FROM Warren Fletcher
Bad Teachers, Minority Students and the Constitution It's now up to Los Angeles Superior Court Judge Rolf Treu to decide a case brought by Students Matter , a group funded by Silicon Valley businessman David Welch. He hired two nationally known attorneys to represent nine mostly minority kids, claiming California's teacher protection laws give some students a better education than others. One witness was LA Unified Superintendent John Deasy, who compared a school in Encino to one in South Los Angeles by observing, "we have not struck down the wall of educational apartheid in this country."
L.A. Charter School Performance A new Stanford study says students who attend charter schools here in L.A. spend more time learning than their public school counterparts, especially Hispanic children. We talk to a co-author of the report, and we hear from the L.A. teachers union about the findings.
Will LAUSD Teachers Give the Superintendent a Passing Grade? Unionized teachers in LA Unified are voting on whether they have confidence in reform-minded Superintendent John Deasy. The question's been added to a referendum on more aggressive negotiations put on the ballot by a breakaway faction of 1100 union members. We talk with UTLA President Warren Fletcher and Howard Blum, education report for the Los Angeles Times .
Following the Money in the LA School Board Race New York Mayor Michael Bloomberg is trying to influence public education here in Los Angeles. He's donated a million dollars to the Coalition for School Reform , led by Mayor Antonio Villaraigosa, which is trying to maintain a reformist majority on the elected school board.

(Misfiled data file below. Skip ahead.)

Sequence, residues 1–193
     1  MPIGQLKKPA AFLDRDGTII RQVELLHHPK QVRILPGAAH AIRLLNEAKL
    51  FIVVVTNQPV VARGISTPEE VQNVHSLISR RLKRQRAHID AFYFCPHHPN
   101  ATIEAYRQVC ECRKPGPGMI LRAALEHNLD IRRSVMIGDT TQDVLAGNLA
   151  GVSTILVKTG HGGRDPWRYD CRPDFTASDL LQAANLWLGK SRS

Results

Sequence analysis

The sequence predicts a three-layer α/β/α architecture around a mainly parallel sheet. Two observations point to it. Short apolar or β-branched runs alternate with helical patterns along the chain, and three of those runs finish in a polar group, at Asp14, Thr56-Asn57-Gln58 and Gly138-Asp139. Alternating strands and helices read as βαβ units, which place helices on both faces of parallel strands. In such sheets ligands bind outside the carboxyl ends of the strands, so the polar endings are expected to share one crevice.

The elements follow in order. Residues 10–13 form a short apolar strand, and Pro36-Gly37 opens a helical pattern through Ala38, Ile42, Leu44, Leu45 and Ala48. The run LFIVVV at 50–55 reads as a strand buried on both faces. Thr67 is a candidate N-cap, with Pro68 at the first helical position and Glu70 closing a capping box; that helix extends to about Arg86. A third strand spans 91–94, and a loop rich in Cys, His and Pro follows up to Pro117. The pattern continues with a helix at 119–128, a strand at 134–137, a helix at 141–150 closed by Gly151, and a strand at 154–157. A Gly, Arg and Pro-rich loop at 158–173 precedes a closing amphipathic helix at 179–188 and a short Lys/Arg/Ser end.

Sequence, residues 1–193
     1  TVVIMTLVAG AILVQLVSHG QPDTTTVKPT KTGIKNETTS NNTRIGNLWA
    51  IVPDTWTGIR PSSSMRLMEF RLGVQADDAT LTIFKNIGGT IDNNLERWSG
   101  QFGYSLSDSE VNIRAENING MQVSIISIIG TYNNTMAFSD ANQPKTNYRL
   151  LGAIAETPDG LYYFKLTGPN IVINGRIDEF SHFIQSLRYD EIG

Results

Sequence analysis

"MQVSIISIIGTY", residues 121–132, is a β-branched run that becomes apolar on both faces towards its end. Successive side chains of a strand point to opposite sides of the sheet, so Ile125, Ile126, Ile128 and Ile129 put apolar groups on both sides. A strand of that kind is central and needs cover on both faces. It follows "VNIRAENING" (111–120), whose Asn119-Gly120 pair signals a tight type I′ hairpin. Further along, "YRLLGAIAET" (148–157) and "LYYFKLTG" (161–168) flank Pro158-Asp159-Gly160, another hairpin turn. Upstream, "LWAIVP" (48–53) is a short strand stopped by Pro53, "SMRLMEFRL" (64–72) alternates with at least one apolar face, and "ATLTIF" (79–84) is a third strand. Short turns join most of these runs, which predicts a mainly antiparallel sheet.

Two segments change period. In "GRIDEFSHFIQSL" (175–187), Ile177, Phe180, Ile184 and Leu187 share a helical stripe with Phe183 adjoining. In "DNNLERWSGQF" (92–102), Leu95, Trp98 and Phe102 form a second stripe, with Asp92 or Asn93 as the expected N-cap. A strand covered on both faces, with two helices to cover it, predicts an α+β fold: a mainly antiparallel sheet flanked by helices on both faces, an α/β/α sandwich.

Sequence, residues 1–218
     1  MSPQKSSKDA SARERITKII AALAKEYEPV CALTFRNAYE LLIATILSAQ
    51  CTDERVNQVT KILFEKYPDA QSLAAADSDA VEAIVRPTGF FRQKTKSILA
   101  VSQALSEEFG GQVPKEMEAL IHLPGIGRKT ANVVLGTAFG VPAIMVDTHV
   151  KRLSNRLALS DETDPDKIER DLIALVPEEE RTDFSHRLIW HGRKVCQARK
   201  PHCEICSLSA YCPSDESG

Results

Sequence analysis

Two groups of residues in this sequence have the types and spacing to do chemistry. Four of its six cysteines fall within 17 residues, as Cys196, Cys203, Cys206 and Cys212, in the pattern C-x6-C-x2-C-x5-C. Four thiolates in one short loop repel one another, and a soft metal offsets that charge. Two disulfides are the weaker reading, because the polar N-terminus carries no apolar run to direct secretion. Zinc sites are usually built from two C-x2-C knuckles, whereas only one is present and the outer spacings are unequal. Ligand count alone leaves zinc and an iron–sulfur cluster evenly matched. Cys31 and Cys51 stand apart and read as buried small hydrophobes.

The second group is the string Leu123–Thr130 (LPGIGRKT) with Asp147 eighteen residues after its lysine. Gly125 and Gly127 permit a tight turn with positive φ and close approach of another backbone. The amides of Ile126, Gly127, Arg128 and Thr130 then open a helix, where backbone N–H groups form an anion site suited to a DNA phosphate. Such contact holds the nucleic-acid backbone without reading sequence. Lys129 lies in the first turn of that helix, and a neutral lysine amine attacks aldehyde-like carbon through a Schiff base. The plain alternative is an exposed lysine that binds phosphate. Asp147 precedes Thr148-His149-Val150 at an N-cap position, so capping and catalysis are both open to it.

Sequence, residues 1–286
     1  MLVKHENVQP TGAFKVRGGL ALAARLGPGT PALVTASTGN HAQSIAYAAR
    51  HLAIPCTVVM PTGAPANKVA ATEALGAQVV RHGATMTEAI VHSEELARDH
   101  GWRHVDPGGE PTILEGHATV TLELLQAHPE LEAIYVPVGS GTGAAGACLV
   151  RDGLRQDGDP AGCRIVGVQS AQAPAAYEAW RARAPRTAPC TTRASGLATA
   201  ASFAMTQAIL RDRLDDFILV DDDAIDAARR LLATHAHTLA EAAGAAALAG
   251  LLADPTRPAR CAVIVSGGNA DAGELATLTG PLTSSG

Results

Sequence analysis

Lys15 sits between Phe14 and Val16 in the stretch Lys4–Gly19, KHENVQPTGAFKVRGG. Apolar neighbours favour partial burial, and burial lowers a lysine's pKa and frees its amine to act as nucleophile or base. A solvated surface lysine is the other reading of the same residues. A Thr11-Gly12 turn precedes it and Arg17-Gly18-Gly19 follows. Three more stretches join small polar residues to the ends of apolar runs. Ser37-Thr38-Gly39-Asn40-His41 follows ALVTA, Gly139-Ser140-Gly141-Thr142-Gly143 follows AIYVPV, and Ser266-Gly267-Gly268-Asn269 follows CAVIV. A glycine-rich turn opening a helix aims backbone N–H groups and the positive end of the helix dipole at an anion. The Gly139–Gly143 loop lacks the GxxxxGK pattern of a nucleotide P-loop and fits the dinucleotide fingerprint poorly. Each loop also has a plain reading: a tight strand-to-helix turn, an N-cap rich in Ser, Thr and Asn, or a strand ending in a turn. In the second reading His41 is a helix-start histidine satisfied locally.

Another Battle over Student Tests to Evaluate Teachers The Los Angeles Unified School District would be eligible for $40 million in federal dollars if it could demonstrate that standardized student test scores were being used as one means of evaluating teacher performance. In addition, a local judge says that's required by state law. Superintendent John Deasy devised a voluntary performance review program, but Warren Fletcher, president of the United Teachers of LA, sent a robo-call to 38,000 members telling them not to participate. We speak with them both.
Less School for LAUSD; Student-based Teacher Evaluations The Los Angeles Unified School District and the teachers' union, UTLA , have agreed to shorten the next school year by five days, for a total of 18 days in the past four years. Another three weeks could be lost if Governor Brown's tax package doesn't pass in November. Combined with larger classes, less counseling and cuts in campus management, nobody disagrees that students will suffer. So what has been gained? We hear from educators and attorneys. Education isn't the only thing that's suffering from state budget cuts. Parks are closing, layoffs and court closures are making justice less accessible, and support for the bullet train is on the decline. D.J. Waldie, who's retired as Deputy City Manager for the City of Lakewood, is a prolific writer and commentator about Los Angeles who blogs for KCET .